Catalysts by virtue of lowering the activation barrier helps in the completion of a chemical reaction in a lesser amount of time without being themselves consumed. Utilizing the diverse non-covalent interactions in the design and construction of catalysts, recently anion-π interactions were also introduced, giving rise to an emerging field of anion-π catalysis. In the newly constructed anion-π catalysts, significant lowering of activation energy occurs by virtue of anion-π interactions. Till now, several important reactions generating chiral centers have been carried out on the π-acidic surfaces of anion-π catalysts, thereby revealing the significance of anion-π catalysis in the domain of asymmetric synthesis. The motive of this chapter is to highlight the role of anion-π catalysis in asymmetric synthesis and we surely believe that it will offer new opportunities in supramolecular chemistry.
- anion-π catalysis
- anion-π interaction
- asymmetric synthesis
- cascade reaction
- enolate chemistry
- naphthalene diimide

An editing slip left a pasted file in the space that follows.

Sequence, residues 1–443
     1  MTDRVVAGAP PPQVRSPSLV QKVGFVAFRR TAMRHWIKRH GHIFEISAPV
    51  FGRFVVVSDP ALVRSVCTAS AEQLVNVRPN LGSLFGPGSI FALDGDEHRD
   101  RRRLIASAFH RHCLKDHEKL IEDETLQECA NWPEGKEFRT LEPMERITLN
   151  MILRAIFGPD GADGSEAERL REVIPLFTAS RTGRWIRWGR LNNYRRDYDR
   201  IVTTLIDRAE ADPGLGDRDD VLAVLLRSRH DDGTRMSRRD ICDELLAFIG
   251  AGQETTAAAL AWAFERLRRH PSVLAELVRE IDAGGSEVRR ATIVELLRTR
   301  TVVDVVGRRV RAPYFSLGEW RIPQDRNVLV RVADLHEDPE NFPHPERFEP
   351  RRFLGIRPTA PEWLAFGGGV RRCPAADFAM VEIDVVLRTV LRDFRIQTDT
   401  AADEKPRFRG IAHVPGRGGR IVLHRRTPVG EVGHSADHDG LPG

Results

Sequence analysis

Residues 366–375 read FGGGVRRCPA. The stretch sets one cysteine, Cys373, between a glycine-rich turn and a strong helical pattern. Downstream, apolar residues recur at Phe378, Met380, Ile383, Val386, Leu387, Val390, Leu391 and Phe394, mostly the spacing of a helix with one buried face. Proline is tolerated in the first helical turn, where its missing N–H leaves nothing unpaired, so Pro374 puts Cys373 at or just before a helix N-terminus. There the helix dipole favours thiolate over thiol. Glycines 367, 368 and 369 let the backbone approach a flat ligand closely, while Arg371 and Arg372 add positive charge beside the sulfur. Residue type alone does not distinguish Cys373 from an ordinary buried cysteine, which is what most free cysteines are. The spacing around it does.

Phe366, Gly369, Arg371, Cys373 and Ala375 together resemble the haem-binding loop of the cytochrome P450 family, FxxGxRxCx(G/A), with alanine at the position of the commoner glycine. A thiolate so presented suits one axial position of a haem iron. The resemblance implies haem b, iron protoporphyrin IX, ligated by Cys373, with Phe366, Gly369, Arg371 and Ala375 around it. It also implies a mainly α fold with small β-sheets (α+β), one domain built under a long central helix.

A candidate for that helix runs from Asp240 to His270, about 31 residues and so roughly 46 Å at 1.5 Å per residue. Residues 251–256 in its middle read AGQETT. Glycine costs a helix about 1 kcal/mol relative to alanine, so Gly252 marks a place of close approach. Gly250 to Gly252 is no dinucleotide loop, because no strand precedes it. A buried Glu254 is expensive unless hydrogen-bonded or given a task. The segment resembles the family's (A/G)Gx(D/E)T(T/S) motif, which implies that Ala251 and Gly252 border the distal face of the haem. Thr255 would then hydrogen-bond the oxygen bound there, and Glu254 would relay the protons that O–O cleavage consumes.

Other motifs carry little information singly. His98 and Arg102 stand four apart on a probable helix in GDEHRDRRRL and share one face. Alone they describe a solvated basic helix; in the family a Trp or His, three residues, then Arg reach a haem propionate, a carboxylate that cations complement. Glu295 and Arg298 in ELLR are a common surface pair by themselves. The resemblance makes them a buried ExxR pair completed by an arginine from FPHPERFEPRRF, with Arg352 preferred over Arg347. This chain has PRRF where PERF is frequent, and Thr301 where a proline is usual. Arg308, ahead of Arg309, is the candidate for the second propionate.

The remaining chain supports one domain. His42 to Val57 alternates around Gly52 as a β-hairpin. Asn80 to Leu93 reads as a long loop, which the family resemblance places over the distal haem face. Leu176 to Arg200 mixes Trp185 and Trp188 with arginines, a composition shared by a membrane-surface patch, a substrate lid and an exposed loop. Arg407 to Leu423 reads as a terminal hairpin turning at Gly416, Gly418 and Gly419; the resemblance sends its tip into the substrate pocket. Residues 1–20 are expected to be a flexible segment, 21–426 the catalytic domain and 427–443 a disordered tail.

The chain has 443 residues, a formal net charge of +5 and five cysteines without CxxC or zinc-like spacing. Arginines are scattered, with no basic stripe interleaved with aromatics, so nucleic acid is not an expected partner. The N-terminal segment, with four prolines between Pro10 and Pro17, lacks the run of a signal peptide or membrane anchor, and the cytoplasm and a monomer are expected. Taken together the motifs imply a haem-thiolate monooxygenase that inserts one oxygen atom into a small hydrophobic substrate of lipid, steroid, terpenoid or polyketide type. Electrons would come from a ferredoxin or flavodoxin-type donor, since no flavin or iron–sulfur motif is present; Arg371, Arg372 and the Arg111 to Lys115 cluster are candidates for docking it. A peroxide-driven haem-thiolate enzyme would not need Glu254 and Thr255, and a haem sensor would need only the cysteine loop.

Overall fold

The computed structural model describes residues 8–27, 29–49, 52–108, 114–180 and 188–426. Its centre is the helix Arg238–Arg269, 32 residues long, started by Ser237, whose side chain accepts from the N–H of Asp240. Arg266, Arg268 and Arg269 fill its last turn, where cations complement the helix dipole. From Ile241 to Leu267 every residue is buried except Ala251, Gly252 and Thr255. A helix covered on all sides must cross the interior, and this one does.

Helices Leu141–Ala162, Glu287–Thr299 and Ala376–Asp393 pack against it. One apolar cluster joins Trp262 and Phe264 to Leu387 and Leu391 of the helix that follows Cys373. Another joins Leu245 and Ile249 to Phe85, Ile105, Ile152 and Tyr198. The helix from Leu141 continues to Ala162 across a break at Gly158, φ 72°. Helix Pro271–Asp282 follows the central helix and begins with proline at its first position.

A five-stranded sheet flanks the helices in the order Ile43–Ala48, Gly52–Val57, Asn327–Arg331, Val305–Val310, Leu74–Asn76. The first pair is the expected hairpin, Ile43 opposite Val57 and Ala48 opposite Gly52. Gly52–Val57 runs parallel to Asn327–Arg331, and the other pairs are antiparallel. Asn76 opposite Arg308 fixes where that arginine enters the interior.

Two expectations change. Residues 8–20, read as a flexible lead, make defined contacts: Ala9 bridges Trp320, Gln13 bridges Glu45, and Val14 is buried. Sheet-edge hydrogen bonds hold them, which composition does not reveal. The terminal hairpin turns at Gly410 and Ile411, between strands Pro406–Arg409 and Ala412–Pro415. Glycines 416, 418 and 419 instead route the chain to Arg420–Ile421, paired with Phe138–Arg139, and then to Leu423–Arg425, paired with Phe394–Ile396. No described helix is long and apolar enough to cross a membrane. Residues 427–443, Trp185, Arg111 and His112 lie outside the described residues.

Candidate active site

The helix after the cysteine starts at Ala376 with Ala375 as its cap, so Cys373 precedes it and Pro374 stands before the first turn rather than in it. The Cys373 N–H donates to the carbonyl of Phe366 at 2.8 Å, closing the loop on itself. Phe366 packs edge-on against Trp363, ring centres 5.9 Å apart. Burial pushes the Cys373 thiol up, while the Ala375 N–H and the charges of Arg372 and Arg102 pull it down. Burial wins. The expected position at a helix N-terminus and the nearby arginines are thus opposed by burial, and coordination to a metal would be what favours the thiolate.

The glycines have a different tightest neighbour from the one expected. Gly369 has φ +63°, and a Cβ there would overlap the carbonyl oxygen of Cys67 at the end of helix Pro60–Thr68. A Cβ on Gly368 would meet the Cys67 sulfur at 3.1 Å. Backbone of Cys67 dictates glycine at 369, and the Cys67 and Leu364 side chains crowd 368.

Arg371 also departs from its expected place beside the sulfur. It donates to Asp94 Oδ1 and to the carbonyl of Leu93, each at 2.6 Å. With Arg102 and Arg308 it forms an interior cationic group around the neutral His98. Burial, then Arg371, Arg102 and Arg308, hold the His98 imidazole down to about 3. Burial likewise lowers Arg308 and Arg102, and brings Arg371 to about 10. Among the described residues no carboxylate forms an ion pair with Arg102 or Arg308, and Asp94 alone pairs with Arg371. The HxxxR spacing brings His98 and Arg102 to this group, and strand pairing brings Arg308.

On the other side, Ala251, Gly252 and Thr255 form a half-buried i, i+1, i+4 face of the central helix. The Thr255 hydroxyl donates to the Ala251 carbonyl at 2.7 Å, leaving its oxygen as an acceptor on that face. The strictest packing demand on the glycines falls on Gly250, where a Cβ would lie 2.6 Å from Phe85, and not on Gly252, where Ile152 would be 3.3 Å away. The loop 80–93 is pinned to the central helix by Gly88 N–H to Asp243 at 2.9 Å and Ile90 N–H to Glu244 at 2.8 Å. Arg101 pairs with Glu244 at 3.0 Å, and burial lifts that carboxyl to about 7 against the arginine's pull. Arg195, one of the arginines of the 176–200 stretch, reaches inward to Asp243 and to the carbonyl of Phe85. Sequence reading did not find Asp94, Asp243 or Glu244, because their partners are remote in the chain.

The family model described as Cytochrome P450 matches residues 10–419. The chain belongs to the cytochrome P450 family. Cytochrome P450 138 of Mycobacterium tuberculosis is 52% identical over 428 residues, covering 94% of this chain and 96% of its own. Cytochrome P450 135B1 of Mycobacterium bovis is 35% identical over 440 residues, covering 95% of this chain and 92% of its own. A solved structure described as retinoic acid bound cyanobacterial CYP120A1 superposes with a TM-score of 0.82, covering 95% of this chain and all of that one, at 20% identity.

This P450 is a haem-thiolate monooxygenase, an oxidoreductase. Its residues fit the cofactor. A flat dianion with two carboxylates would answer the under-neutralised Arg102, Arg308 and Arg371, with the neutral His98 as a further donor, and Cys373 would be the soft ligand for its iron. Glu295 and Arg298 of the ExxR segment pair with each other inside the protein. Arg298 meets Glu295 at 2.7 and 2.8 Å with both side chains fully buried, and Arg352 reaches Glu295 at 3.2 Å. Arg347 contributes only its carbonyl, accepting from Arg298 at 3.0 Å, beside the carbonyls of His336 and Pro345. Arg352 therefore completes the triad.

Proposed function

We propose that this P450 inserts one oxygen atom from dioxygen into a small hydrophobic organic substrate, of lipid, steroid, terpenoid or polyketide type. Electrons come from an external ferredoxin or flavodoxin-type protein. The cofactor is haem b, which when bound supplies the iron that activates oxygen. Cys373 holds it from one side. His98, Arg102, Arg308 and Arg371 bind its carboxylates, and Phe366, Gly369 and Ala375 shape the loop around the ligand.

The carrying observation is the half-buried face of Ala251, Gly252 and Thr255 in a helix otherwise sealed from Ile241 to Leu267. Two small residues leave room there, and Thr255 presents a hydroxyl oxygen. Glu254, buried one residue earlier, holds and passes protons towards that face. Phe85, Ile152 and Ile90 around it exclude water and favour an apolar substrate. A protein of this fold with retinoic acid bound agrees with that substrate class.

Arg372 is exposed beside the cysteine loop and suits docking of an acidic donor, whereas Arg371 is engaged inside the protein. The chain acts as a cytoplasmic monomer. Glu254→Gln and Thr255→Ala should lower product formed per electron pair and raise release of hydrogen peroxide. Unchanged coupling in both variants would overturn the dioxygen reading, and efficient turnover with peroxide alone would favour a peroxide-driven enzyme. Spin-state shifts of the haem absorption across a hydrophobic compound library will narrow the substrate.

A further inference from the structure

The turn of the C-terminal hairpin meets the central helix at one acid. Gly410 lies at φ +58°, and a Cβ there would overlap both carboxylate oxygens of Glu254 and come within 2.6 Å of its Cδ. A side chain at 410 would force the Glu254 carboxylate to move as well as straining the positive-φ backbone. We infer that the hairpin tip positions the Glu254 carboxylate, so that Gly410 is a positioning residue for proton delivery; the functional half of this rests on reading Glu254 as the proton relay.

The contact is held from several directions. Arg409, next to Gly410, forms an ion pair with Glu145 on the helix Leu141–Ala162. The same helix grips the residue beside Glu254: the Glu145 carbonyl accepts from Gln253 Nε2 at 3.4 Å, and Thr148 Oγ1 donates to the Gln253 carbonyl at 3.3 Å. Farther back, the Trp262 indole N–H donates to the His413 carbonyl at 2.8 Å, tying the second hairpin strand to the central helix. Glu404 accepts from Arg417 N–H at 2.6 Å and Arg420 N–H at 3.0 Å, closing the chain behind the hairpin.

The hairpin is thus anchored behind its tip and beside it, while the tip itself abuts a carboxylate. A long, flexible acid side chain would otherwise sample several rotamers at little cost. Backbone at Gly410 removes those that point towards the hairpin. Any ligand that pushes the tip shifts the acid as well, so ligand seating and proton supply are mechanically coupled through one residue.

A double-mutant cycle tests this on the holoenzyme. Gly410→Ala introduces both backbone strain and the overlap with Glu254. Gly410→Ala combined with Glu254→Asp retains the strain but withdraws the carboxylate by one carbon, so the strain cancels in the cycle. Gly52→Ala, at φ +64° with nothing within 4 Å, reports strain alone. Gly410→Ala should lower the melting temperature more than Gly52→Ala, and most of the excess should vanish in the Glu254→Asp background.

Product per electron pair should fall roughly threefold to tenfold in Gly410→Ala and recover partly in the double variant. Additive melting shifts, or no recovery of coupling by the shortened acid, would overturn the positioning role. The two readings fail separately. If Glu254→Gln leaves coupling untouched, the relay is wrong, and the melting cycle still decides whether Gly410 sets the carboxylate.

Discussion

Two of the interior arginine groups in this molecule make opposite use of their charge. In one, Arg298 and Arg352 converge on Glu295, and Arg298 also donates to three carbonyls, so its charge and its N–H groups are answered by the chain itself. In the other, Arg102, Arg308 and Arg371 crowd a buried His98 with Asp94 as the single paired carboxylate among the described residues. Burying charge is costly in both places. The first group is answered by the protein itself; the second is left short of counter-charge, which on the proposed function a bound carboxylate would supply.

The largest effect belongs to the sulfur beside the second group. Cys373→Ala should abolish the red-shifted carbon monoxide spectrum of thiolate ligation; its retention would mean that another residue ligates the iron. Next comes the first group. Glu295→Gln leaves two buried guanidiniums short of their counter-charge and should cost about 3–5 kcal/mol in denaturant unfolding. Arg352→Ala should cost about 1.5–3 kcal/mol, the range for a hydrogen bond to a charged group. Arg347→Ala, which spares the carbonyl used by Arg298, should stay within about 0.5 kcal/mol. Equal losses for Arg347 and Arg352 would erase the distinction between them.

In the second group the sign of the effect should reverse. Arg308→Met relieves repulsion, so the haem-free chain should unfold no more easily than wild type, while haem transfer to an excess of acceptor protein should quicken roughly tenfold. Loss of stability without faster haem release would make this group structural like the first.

From the past few decades, non-covalent interactions have gained the new heights in the domain of catalysis and supported to construct functional systems of fundamental significance. Infact, the application of non-covalent interactions in the field of catalysis are nowadays studied under a separate branch of science known as supramolecular catalysis.  By virtue of non-covalent supramolecular interactions, not only the catalytic efficiency of the existed catalysts has been improved but the novel organocatalysts have also been developed.  Amongst various supramolecular interactions, the cation-π and anion-π interactions are most promising in the field of catalysis. In cation-π interactions, the cation interacts with π-basic aromatic systems possessing negative quadrupole moment (Qzz < 0), whileas in case of recently recognized anion-π interactions, the anion interacts with π-acidic aromatic systems possessing positive quadrupole moment (Qzz > 0). For example, benzene (Qzz = -9B) is π-basic in nature which makes it suitable to interact with cations through cation-π interactions (Figure 1).  However, the interaction of anion with this system looks counterintuitive, as it will lead to repulsion between anion and π-electron cloud of benzene. For this purpose, researchers have inverted the intrinsic negative Qzz of aromatic systems into positive one (Qzz > 0) by attaching strong electron withdrawing substituents on aromatic systems. By virtue of this, they have generated various π-acidic aromatic scaffolds possessing strong positive quadrupole moment, which in turn interact with diverse anions through anion-π interactions (Figure 1).